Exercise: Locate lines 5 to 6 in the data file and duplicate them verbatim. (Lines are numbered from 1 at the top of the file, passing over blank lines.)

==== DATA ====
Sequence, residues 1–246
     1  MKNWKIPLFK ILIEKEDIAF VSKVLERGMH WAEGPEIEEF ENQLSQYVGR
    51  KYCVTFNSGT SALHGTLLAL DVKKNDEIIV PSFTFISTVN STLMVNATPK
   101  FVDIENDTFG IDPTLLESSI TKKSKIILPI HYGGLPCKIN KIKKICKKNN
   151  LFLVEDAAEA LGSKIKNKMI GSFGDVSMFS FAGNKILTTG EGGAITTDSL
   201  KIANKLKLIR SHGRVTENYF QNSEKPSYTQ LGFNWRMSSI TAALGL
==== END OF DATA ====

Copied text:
   151  LFLVEDAAEA LGSKIKNKMI GSFGDVSMFS FAGNKILTTG EGGAITTDSL
   201  KIANKLKLIR SHGRVTENYF QNSEKPSYTQ LGFNWRMSSI TAALGL